Amber on myaimistrue website posted an overview of the public outcry against Urban Outfitters for allegedly stealing a design concept from a crafter on Etsy.com.  The overview is called “Anatomy of a trending topic: How Twitter & the crafting community put the smackdown on Urban Outfitters”  .  It’s a very good overview.  However, last night I found a counter point of view from Helen Killer at regretsy.com talking about the fact that this design concept is actually not new and may not really be proprietary (see additional information in some of the comments).   Yet the damage is done.   I saw the first message sent out via twitter from two people I respect with the following comments:

1. Awesome ex of Social Media Muscle! How crafting community used Twitter to put smackdown on Urban Outfitters

2.powerful reminder of how social media has changed the relationship between customers and companies

Had I only seen just the overview article, my personal thoughts would have mirrored the first comment.  But having seen the rebuttal, it forced me to reassess what I think about the possible power of the people to “smackdown” a company and how a potential misunderstanding could be changed.  Especially since it seems that the first article is getting more traction than the second based on a quick query of Google where I found all sorts of people condemning Urban Outfitter for this action.

So how can social media help undo the lack of critical thinking that we may all be guilty of when we start retweeting and blogging without looking at all the facts.

Fall cleaning: purging good ideas

Today I started cleaning out my cubicle. I have saved massive amounts of “good ideas” over the past 10 years and this was the time to start purging all the associated paperwork that went with them. I didn’t realize how hard it would be. None of the problems that they address have been solved. To see so much wasted talent that had been poured into those ideas by so many people both inside the community and out saddened me deeply. Especially as the next crop of good ideas are just variations of the same ideas I threw away to solve the same problems that haven’t yet been solved. I have never underestimated the challenges in making innovation happen but now I wonder if transformation of a deeply hierarchical bureaucracy is really possible. If the system doesn’t ultimately win over the talented employees trying to do what is right. I hope that I am wrong but I keep seeing indicators of a return to mediocrity and business as usual instead of working through the challenging change times.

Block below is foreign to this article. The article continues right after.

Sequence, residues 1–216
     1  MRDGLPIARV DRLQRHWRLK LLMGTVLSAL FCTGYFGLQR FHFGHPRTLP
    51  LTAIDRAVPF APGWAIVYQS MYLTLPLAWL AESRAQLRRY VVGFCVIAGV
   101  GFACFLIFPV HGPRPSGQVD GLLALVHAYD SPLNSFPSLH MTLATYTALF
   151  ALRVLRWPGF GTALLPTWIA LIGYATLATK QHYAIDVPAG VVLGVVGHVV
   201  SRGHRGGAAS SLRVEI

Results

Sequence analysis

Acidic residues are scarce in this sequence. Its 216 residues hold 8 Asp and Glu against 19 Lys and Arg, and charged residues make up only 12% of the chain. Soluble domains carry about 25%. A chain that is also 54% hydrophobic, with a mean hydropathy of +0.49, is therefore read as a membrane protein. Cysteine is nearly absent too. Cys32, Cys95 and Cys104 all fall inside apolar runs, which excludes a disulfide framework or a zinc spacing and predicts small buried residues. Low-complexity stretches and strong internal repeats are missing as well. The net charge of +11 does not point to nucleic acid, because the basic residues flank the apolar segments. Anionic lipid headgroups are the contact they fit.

Today I received my first performance-based evaluation. The new system has been much cause for complaint but I was willing to give it a chance. Partly because I have never doubted my ability to perform. I set my own personal objectives and they have always exceeded those set by my employers. I was concerned about the possibility of misuse of the performance-based objectives to drive analytic skills toward mundane bean-counting quotas instead of letting employees rise to brilliance. But I hoped that managers would be able to walk that fine line between abuse and leadership. I was foolish in the extreme to think that such visionary leaders existed. So today I learned that senior leadership in the office drove evaluations to meet a bell-shaped quota of performance scores. And any failure to achieve one objective was cause to drive the score lower to the point that I am in the middle at a 3.5 out 5.0 – merely “successful”. Considering that 95% of my evaluations over my career have been above average, “successful” is a slap in the face.